Category Archives: January ’10

My new running partner

“Great job Ruby!” I cheer to her. “Keep it up!”

She trots along on all fours, skipping next to me, grinning all the way. Her name is Ruby and she is my new running partner.

My dad had attempted a run with her already once but found her excitement did not transfer to endurance. So instead I decided a few weeks ago we would enjoy a short twenty-minute run together. It began with the constant tugging of her adrenaline fueled flee from the confines of her fenced in back yard. Quickly though I discovered she was true to her “dog nature” pertaining to squirrels.

My arm snagged this way, the leash entangled around a street light and the dog on the other end, staring at me, confused at the predicament.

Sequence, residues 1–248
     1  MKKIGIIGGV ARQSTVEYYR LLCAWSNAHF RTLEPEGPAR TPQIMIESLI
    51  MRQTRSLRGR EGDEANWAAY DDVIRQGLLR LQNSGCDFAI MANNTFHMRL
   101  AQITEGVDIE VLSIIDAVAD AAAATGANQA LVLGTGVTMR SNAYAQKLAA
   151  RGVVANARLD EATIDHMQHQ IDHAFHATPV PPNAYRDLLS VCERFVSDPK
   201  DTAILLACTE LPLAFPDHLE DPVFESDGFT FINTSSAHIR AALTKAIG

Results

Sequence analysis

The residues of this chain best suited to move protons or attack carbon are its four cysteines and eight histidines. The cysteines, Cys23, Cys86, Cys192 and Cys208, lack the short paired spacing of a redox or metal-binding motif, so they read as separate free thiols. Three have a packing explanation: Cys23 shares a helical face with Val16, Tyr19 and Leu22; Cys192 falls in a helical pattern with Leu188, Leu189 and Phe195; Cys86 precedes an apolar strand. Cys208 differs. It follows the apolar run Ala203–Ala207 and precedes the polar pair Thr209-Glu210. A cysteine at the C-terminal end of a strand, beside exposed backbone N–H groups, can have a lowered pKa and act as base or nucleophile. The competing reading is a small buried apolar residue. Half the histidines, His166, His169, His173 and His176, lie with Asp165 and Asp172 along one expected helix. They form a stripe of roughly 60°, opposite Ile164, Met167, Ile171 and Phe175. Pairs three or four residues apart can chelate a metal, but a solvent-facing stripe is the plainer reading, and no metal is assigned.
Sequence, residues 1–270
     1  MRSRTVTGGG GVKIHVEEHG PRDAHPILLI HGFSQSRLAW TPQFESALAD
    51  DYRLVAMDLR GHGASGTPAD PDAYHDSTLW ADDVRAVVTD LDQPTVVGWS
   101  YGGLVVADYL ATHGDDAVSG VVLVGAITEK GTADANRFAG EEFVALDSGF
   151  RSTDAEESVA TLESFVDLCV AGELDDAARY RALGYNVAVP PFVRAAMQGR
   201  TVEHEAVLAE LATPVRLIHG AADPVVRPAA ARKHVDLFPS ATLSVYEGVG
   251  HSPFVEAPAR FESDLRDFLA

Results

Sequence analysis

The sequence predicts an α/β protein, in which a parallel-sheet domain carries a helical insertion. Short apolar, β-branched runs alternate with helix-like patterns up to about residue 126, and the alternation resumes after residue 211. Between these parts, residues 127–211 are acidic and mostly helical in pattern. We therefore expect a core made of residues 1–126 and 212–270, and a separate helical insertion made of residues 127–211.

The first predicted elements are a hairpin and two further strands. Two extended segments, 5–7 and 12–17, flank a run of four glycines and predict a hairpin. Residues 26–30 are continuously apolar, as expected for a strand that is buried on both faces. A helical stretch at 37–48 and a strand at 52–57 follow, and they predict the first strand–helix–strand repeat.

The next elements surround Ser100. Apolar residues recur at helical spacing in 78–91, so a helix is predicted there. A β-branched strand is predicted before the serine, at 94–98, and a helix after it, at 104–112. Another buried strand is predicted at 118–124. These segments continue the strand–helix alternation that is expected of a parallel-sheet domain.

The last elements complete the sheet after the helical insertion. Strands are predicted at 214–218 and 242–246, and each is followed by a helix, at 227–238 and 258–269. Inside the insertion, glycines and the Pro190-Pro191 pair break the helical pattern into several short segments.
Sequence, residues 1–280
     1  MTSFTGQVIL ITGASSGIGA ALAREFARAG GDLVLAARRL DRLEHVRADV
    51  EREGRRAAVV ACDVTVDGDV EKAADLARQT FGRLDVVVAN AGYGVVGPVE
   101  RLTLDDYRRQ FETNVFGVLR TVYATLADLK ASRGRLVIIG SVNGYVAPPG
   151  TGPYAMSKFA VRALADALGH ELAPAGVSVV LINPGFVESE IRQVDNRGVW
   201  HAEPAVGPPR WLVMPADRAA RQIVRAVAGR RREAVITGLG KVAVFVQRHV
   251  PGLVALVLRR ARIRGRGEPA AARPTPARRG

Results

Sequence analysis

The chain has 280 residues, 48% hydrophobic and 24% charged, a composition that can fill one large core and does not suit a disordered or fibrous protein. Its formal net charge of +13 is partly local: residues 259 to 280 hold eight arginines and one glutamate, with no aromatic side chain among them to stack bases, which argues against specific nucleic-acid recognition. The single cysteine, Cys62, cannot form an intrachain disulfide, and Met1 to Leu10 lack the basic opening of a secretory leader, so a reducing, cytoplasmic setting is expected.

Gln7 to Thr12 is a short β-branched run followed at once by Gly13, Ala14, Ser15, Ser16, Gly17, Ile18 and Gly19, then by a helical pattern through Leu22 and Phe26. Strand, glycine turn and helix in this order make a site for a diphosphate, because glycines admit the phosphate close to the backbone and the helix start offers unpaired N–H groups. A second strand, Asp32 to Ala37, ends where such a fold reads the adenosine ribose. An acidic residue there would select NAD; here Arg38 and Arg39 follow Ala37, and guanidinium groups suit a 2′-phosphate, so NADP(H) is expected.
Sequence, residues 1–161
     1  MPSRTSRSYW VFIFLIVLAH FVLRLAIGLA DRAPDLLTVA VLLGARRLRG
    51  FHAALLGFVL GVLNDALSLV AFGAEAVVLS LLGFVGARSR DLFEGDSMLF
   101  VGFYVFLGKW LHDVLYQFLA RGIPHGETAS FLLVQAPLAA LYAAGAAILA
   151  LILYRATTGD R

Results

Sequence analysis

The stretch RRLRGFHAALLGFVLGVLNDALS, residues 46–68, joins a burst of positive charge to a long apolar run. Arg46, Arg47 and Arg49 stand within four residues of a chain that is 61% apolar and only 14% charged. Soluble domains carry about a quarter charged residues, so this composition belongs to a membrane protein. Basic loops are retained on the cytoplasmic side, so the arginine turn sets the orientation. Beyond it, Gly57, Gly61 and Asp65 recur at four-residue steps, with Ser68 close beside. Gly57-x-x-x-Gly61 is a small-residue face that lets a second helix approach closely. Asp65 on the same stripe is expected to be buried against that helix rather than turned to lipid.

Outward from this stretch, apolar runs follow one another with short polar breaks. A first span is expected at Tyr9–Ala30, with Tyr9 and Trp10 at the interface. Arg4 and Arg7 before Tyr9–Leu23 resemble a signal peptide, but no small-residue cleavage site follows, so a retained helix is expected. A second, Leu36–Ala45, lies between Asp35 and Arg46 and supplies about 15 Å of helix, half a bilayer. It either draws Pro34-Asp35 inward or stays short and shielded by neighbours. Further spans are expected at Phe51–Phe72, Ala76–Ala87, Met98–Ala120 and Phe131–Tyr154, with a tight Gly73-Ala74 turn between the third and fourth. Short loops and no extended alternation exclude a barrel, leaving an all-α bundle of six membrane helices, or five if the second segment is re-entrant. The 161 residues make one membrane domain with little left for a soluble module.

We made it home alright though, nineteen minutes and – seconds later. “You ran 8:06 minute/mile pace Ruby dog! Good girl!” She runs to my mom on the sofa in the living room, grinning of course, tongue hanging halfway to the floor. She lays down for half a second then with endorphins pumping through her veins runs to find the nearest demented tennis ball. After skidding across the hard wood floors and showing off her tennis ball to every living thing in the vicinity, less than five minutes later she is laying half-dead on the floor. The endorphins wore off and now all she is left with is the remembrance of the high that running brought her.